1. It looks like you are describing very high anxiety symptoms. I do think a therapist is a good idea but you should also consider a doctor to prescribe you some medication at least for the short term if you are not coping properly. Drop me a line if you would like to chat more.

    2. Dawn,
      You are NOT alone! I’ve experienced this in the past and still continue to battle it sometimes. First off let me say…. If your therapist doesn’t understand then they are NOT the right therapist to be seeing. Maybe find an OCD or rOCD specific therapist?

      My first attack began last September and the horror lasted on and off for about five months, then subsided to manageable rocd with odd spells here and there.

      It IS rocd! I promise. You would NOT be freaking out about it like this if it weren’t. I imagine you’ve lost feelings for other people in the past? I sure have, and I’ve done it effortlessly. I’ve broken up with a few boyfriends simply because I KNEW it wasn’t the right relationship. I was comfortable and happy with my decision and everything about it felt so so right to me.

      When I think about breaking up with my current boyfriend (who I’ve been “officially” with for a year and a half) I freak out and get anxious and panicky and depressed. Sometimes my OCD even convinces me that I’m freaking out because I’m realizing what’s really right for myself. But I KNOW that I’m freaking out because beneath all the obsessive compulsiveness, I really do care for him and I want to love him! I want to love him in every way he deserves to be loved.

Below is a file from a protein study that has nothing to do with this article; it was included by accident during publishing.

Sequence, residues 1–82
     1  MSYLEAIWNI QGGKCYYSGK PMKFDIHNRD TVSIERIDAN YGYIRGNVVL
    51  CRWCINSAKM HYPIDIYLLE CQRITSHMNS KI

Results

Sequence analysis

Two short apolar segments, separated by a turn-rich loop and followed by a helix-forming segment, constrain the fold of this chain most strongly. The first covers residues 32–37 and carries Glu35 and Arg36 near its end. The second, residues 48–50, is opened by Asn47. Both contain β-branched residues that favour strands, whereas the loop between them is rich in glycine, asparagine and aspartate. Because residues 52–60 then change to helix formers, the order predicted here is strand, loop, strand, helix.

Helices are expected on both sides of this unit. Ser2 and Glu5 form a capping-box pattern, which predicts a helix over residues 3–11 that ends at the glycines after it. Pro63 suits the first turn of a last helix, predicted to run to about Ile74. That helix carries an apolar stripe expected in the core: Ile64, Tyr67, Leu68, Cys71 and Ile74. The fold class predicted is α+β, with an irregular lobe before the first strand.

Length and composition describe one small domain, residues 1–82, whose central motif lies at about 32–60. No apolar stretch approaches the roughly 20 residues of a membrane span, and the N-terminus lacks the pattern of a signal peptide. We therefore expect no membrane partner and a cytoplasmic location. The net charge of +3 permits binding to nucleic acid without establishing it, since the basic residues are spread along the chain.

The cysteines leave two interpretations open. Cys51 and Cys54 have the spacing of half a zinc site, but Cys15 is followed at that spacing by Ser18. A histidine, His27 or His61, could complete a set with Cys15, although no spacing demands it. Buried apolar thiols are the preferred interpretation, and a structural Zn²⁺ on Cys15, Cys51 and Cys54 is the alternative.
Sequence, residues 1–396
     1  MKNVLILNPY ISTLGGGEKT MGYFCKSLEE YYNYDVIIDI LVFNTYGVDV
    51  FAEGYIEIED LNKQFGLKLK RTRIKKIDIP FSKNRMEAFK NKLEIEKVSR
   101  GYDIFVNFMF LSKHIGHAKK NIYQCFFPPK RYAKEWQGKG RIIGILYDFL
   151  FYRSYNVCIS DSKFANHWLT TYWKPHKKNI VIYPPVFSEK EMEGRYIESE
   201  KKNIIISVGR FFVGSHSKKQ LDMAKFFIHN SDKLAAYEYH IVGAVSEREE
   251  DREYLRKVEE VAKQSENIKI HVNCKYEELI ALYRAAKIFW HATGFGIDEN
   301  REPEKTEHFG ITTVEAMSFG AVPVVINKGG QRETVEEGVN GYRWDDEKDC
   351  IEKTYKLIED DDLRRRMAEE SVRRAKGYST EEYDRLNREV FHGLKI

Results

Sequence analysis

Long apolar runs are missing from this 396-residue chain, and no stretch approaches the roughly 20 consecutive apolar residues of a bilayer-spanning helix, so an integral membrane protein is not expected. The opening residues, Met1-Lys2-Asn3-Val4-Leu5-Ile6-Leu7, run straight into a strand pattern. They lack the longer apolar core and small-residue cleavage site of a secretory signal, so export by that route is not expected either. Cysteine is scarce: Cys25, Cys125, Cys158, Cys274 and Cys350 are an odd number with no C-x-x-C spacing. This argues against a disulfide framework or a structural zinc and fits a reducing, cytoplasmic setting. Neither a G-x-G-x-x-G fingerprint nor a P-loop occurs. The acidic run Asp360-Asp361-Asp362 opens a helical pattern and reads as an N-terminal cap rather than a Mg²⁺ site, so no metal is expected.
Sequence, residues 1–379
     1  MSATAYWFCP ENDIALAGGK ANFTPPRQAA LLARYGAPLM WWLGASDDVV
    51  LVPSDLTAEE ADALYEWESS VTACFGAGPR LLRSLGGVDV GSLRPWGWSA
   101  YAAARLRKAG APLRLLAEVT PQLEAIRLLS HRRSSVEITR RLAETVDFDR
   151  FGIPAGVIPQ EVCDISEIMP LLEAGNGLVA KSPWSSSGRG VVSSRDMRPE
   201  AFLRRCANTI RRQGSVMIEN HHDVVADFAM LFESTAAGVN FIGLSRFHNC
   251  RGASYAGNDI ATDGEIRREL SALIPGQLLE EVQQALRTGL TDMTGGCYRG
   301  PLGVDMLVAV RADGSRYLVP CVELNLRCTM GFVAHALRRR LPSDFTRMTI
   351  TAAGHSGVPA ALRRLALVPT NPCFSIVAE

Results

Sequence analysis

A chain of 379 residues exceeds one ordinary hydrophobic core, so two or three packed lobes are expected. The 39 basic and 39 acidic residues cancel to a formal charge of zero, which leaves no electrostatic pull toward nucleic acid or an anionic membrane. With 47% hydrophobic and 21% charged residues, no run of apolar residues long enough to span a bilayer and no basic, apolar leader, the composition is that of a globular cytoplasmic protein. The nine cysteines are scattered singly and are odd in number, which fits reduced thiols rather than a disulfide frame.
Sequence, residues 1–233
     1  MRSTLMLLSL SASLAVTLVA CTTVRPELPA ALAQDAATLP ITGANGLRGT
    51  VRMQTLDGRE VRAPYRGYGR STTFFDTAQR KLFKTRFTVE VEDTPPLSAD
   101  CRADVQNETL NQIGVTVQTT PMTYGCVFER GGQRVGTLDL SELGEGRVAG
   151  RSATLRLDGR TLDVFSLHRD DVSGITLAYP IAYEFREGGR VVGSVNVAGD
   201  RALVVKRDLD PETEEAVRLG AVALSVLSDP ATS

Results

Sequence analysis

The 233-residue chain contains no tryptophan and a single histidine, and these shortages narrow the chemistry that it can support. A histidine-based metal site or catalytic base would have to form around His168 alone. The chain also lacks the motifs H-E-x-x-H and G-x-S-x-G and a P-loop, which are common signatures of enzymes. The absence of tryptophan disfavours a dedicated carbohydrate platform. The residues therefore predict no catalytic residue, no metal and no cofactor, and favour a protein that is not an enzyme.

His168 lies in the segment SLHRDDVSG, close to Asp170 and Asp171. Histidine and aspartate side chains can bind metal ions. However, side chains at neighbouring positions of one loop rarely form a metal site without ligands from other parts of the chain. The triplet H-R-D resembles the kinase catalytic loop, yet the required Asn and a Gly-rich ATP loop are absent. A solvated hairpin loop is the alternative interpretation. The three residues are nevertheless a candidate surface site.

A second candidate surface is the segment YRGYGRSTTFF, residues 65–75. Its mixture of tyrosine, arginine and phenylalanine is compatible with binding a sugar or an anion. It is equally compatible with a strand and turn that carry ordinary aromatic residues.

I can not go one day without talking myself in and out of breaking up with him and it’s been like that for me for about 9 or 10 months now. It’s crazy. But I know I’ve stuck through it for a reason so I’m just going to keep sticking, and I encourage you to do the same 🙂

      Seek the help you need, and if you don’t get what you need then seek help elsewhere. And keep posting on forums like this one! There’s tons of us and we’re all in this together.

  11. Before share my rOCD issues on your message board/blog one thing needs to be cleared up: how do I trust a site author/moderator who paradoxically implores his readers to never spend any time discussing their symptoms on such a board? Confusing.

    1. There is no paradox. You can easily solve your “paradox” by reading the “how to best use this blog link” this is the first introductory paragraph.

      “The purpose of this blog is to help you find the tools to overcome the problems caused by rOCD.”

      The last two sentences in the same section:

      “And that is why this blog exists.To raise awareness and to help rOCD sufferers find a glimmer of hope.”